I was barely out of my teens over twenty years ago when I went to the New and Gauley Rivers in West Virginia to train to be a whitewater rafting guide. Women were really just breaking into the scene so the entire area was heavily dominated by men. This in itself wasn’t the least bit concerning since my desire to guide had nothing at all to do with the male to female ratio. What was concerning, as I soon came to find out, was the blatant sexism displayed by some male guides, trainers, and company owners. I selected one company out of a dozen to train with and throughout most of a year with them I endured being talked down to, sardonic attitudes, and never-ending attempts to make me fail. I was repeatedly put into situations to deliberately push me past my physical and psychological limits in the hopes that I would just give up; many trainees did, after all. This kind of adversity is what I faced spring, summer, and fall while training with “Company A”. But let me tell you the outcome.
Right before I left for winter, frustrated and pissed off, I met one of the owners of a different rafting company at a local bar. After telling him my story, he told me to come to his company the next season, because if he could have his way he would have all female guides. His reasoning was that while many male guides may be physically stronger and able to use brute force to get down the river, the female guides who were unable to use brute force actually had to learn the water, currents, rocks, and subtleties of the river and use those things to their advantage. We would finesse our way down and he felt that was superior.
The following year, I found this second company a place that not only welcomed, but nourished female guides. Alongside a group of other strong and independent women, we crashed through the artificial and arbitrary barriers and proved our skills and abilities were matched with the men. Gender was determined not to be an issue at all; rather skill, ability, endurance, and of course adventurous spirits and fun-loving attitudes were paramount.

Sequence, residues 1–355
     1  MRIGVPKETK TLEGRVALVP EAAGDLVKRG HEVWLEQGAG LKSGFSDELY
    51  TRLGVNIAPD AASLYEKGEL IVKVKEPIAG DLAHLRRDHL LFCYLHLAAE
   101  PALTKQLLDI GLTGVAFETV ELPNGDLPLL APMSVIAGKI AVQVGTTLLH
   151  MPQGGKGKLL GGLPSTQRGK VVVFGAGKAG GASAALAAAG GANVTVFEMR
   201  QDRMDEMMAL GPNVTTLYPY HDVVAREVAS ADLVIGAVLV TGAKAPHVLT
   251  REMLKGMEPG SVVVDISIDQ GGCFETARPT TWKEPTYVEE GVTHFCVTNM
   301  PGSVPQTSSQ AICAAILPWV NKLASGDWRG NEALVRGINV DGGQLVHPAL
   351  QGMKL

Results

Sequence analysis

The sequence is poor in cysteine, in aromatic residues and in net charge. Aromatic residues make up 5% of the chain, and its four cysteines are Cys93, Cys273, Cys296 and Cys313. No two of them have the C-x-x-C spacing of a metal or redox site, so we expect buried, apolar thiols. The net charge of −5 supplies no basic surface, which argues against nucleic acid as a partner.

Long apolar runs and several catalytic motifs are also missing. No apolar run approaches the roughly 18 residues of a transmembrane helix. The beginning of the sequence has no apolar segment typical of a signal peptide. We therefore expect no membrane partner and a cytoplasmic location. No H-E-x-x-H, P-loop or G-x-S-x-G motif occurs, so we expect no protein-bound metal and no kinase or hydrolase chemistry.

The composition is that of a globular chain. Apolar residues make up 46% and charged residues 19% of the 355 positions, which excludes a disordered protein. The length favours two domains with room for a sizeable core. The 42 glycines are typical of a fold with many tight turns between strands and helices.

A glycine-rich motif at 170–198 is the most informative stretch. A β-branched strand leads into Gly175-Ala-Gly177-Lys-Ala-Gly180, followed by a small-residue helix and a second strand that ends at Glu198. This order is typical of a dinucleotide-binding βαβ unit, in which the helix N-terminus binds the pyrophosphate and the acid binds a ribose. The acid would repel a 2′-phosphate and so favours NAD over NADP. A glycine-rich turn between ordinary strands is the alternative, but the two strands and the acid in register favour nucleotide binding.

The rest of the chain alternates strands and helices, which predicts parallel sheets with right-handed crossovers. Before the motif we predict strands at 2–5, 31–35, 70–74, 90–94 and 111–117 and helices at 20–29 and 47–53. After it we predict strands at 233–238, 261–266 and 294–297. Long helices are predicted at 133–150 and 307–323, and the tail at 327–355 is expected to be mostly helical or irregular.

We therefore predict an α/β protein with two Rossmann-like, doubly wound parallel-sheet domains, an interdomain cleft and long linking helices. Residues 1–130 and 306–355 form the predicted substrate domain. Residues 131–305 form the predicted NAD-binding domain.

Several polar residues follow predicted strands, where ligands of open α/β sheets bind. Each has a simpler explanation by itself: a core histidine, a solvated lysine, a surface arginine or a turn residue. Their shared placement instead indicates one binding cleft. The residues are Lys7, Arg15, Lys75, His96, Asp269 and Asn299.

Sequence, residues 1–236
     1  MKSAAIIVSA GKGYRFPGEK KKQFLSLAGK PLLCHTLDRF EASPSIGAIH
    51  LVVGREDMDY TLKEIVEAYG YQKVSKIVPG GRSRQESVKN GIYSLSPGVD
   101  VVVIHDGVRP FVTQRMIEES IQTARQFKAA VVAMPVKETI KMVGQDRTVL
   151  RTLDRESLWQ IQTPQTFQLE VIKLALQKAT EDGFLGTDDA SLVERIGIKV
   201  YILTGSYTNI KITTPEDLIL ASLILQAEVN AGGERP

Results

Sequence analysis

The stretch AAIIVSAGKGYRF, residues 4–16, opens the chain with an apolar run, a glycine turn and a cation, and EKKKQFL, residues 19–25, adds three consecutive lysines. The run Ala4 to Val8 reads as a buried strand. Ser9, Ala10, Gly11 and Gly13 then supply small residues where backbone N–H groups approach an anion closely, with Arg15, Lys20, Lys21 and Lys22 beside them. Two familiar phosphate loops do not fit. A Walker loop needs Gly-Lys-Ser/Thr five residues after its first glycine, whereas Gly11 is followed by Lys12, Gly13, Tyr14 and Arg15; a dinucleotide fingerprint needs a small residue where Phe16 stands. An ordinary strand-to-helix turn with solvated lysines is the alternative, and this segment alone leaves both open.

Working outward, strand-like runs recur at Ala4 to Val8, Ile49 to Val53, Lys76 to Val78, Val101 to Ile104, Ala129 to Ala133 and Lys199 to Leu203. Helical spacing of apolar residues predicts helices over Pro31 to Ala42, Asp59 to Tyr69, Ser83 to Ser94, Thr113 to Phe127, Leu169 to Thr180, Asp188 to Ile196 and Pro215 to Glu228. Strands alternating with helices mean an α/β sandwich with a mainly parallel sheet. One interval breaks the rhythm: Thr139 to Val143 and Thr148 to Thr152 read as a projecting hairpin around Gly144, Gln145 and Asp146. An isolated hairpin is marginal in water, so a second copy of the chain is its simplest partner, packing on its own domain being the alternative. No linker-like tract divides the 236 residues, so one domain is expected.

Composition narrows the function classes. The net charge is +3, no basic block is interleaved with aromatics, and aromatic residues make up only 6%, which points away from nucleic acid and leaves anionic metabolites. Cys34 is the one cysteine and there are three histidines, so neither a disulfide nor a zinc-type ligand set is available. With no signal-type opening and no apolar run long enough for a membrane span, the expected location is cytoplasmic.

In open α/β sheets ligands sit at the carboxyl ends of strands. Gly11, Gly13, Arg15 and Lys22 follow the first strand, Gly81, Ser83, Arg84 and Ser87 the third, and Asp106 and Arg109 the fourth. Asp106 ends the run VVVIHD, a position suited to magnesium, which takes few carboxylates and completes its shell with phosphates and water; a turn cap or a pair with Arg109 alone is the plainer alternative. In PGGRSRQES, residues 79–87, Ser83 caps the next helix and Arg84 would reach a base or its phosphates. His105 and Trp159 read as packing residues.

Despite the support and guidance of the second company, or maybe because of it, I discovered that the experiences with Company A left me with a confidence and determination I might not have otherwise had. Without their outdated attitudes and ridicule spurring me to prove them wrong, I’m not sure I would have had the will to stick with it. Even without the added difficulties I had, the training was long and arduous, difficult and demanding. It took a certain level of endurance and control over one’s fears to stick with it; two things I’m not sure I would have had without the inadvertent help from a bunch of sexist men. After all, it was the hell they put me through that probably made me as good a guide as I was, and I know for certain that their determination to make me fail was the very reason I succeeded.
Just in case anyone mistakes my gratitude toward them as crediting them for my success, let me make something clear. I am responsible for my own successes and failures, but everyone gets a little help along the way. The second company I worked for helped me by being supportive, and that’s normal and expected. But ‘Company A’ helped me in an unexpected way. Their adversity presented a challenge to me and lacking that challenge, I’m not sure I would have pressed on and continued the training. They turned on my “I’ll show you!” switch and I think I may have needed that at the time to stick with something that was so physically and psychologically demanding for me. I do not credit them with my success, but I credit them for providing the catalyst that my success eventually bubbled out of. In the end, I was left as a much more confident and strong person. I had conquered a number of my fears (an intense fear of drowning for one) and my own insecurities. It just really seemed that there was nothing I couldn’t do if I put my mind to it. Along with those who supported me, I credit them for helping me to get to that point. Getting to that point was my choice and by my own actions, physical and emotional. They just provided something I needed along the way. Good or bad, what’s happened to me has led me to where I am today and the person I am today. And for that I have to thank not only the people who willingly tried to help me, but also the ones who tried so hard to stop me.
Now, I’m not saying that everyone should have walls and hurdles thrown in front of them because it’ll make them stronger. But if you find yourself being given a difficult time by someone, realize that it can make you stronger if you let it. Decide what it is you really want, what succeeding is worth to you, and then don’t let anyone stop you. That adversity you’re facing could be used to spur you forward, stronger and more determined. It could help you decide what it is you really want to do. It’s all in how you view things: roadblocks or stepping stones? Or maybe even a detour to something better. I could look back and be angry with a chip on my shoulder, or I can look back and wonder if I would have made it as a guide at all if they hadn’t tried so hard to stop me? Even if I had become a guide sans the difficulty, would I have been as good and as confident a guide?
I think I know the answer to those questions, so in a way I have to accept that the hurdles they put in front of me actually kept me stubbornly on a path that led to a decade I will never forget. Two decades really, since I do still run whitewater, I just do it for fun instead of money now. They actually helped me immensely, even though that was not their intention at all, and the irony in that makes me smile. I thank them for their brutal treatment of me, because without it I wouldn’t be who I am today.